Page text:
If you are vegan, you may find it difficult to get in all the essential nutrients from the food you eat. Thankfully, if you follow a healthy, varied diet, you will still be able to consume most of the essential vitamins and minerals — including zinc — without eating any meat or animal products.

Some of the best vegan sources of zinc are hemp and pumpkin seeds, cashews, oats, tofu, and legumes such as lentils. The recommended daily amount of zinc is 8mg for women and 11mg for men. Zinc is an important mineral which has anti-inflammatory properties and which plays an essential role in immune system function.

In today’s article we are going to have a look at the best eleven vegan sources of zinc. If you don’t have time to check out the whole post, feel free to skip to the table at the end, otherwise keep reading. Let’s begin…

1. Hemp seeds

About 10mg of zinc per 100g.
Hemp seeds come from the cannabis plant, but don’t worry, they won’t make you high. They are a superfood which contains heart-healthy fatty acids, a good amount of protein, and vitamin E — a powerful antioxidant. They are also rich in zinc, which is why they are at the top of this list. You can add hemp seeds to your favorite salad, vegan yogurt, or cereal bowls.

2. Pumpkin seeds

About 8mg of zinc per 100g.
These are one of the best natural sources of magnesium, a key mineral for optimal muscle and nervous system function, strong bones, and even deep sleep. Just like any other seeds, they taste amazing and can be easily added to your diet. Besides their zinc content, they are also high in fiber, antioxidants, and protein — one cup contains roughly 12 grams.

3. Cashews

About 6mg of zinc per 100g.
Cashews are basically dry fruits, although they are often considered as nuts. They are a healthy, convenient snack — no need to cook or refrigerate them — and a great source of vitamin B, protein, copper, manganese, and magnesium. They are very versatile and can be added to most vegan dishes; cashew cream is a great alternative to dairy and non-vegan sauces.

4. Oats

About 3.5mg of zinc per 100g.
Oats are some of the most nutritious grains on the planet. They are packed with zinc, selenium, and B vitamins, which are essential for good energy levels and a healthy brain. They are also high in fiber, so they help you improve your gut health and cholesterol levels. If you follow a vegan diet, eating a cup of oats for breakfast will give you an extra dose of zinc — about a fourth of the recommended daily value.

5. Dark chocolate

About 3mg of zinc per 100g.
I get it: it’s not the healthiest food. It’s also a stimulant, so if you suffer from anxiety or insomnia it would be best not to consume it. However, it does have some health benefits — it can boost brain function and lower blood pressure, and contains many antioxidants. Not all dark chocolate is vegan (some companies add butter or milk to it), so make sure to check the ingredients before you buy a bar.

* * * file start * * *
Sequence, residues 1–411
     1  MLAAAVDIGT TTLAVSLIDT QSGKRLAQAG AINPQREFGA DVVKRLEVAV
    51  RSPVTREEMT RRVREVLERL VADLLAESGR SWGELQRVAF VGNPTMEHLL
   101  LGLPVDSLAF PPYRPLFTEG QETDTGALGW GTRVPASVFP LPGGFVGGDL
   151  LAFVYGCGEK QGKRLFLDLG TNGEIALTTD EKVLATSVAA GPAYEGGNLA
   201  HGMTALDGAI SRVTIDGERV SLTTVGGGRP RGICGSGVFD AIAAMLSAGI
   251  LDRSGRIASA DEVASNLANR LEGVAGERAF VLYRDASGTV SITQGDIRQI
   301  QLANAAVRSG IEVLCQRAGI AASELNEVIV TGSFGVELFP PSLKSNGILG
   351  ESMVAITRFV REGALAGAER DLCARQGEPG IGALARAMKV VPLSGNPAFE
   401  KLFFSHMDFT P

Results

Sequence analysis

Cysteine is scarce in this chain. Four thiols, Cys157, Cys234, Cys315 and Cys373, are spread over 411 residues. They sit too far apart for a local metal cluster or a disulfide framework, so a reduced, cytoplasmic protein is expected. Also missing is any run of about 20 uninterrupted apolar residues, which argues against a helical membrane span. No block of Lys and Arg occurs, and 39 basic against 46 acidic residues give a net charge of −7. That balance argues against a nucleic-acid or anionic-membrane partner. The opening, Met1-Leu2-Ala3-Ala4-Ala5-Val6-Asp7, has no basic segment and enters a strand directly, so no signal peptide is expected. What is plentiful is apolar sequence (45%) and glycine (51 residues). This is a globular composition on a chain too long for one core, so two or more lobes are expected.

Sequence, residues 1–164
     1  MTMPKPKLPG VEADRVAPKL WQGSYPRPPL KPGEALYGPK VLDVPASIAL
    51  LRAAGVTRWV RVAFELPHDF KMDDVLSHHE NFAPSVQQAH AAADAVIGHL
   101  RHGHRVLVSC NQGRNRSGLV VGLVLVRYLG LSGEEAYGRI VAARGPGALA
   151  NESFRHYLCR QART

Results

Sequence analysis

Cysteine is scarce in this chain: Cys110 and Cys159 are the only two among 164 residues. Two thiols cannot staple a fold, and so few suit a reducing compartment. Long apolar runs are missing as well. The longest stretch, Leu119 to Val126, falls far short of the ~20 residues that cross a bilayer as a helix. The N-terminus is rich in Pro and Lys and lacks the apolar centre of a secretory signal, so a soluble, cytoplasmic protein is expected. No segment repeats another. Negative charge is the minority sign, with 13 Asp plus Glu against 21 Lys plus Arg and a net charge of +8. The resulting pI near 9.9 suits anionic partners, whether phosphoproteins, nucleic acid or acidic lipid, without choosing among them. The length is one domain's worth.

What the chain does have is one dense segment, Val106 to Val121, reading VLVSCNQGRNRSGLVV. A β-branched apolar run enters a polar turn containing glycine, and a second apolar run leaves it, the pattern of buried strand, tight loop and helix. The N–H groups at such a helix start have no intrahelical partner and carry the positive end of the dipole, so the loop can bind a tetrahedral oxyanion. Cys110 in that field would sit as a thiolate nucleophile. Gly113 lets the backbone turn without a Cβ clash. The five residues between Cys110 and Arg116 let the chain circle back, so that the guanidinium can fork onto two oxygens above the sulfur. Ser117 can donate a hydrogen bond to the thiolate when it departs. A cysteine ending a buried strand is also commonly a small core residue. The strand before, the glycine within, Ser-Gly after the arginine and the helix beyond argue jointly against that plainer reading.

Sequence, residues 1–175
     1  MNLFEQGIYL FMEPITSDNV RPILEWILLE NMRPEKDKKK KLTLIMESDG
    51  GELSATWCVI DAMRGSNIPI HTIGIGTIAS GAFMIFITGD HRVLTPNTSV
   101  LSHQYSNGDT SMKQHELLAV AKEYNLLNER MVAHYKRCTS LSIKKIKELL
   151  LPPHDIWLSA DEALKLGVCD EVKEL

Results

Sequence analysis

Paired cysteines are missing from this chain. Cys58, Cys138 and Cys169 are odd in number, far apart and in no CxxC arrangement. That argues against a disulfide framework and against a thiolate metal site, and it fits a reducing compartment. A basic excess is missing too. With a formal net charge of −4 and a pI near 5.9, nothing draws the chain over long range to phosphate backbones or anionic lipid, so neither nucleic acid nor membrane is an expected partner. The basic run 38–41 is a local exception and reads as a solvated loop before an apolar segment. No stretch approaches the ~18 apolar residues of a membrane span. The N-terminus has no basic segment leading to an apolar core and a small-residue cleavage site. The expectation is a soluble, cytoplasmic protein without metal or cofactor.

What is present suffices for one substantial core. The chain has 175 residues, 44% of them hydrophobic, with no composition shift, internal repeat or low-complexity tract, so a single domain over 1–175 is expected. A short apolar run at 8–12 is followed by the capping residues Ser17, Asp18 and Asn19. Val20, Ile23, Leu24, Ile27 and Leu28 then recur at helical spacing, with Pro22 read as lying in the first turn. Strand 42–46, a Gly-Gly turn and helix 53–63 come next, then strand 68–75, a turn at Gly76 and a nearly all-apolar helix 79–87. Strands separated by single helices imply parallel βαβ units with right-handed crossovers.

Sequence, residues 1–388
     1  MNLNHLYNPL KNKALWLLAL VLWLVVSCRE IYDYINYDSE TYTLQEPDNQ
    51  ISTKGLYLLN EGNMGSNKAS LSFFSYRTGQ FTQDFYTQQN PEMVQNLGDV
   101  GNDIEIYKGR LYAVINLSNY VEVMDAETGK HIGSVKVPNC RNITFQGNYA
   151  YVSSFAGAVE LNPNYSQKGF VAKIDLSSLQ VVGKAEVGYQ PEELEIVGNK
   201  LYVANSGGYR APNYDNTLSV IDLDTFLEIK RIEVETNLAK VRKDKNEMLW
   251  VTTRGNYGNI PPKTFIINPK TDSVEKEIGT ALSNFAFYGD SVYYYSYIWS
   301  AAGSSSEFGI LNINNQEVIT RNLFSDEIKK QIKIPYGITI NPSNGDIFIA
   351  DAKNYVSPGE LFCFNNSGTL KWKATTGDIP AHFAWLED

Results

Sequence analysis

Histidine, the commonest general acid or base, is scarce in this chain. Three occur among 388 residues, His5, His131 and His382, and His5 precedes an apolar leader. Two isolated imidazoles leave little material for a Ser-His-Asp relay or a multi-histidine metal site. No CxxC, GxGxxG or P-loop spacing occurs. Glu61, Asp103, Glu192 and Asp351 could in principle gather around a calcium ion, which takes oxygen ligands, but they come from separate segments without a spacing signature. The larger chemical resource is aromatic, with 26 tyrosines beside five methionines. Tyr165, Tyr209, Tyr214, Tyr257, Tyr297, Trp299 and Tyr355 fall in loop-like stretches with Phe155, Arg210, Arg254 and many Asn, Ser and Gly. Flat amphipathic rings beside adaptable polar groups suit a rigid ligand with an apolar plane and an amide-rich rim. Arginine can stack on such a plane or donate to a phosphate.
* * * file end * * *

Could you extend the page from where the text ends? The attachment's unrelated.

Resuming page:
6. Tofu

About 2mg of zinc per 100g.
Prepared with soy milk, tofu is a popular ingredient used in many vegan dishes. It’s basically tasteless, but its soft, spongy texture can easily absorb other flavors. Tofu is very high in protein (which is why it can be used to replace meat), and very versatile. 200 grams of tofu will give you roughly 4mg of zinc — almost half of the recommended daily amount.

7. Lentils

About 2mg of zinc per 100g.
Some vegan sources of zinc, including grains and legumes, contain phytic acid — an anti-nutrient which can actually inhibit the absorption of zinc. Thankfully, the amount of phytates in lentils is lower than that of other legumes. Lentils are also packed with iron (a key mineral vegans can be deficient in), protein, and B vitamins. They are also very low in fat.

8. Chickpeas

About 1.5mg of zinc per 100g.
Just like cashews, chickpeas can be used to prepare various vegan sauces, and they contain a good amount of iron, magnesium, and zinc. If you eat hummus (a delicious cream made with chickpeas, lemon juice, and garlic) you can still get a tiny dose of zinc, although it’s best to eat canned chickpeas. This legume can help you lose weight and add more fiber to your diet.

9. Green peas

About 1.2mg of zinc per 100g.
Green peas are a good source of plant protein. If you follow a vegan diet, you may have noticed that some companies use peas to produce protein bars and other kinds of supplements. Pea protein contains all the nine essential amino acids, although it does not contain methionine, so it’s not classified as “complete”. Green peas are a tasty side dish which is super easy to prepare.

10. Quinoa

About 1.1mg of zinc per 100g.
There are three main variants of quinoa: white, red, and black. They all taste amazing and are rich in protein, iron, and fibre. Plus, they are very low in fat and calories, so if you are trying to lose weight, consider replacing rice or other carbs with quinoa. This pseudo-cereal has recently become popular as it’s naturally gluten-free and comes with many health benefits.

11. Kidney beans

About 1mg of zinc per 100g.
The eleventh top vegan source of zinc is kidney beans: a cup gives you approximately a fifth of the recommended daily amount. The protein and fiber amount can help you reduce food cravings; moreover, carbohydrates in kidney beans are released slowly. Unless you overeat them, they will also help with digestion and gut health.

Table: best vegan sources of zinc

FoodZinc per 100g
Hemp seeds~10mg
Pumpkin seeds~8mg
Dark chocolate~3mg
Green peas~1.2mg
Kidney beans~1mg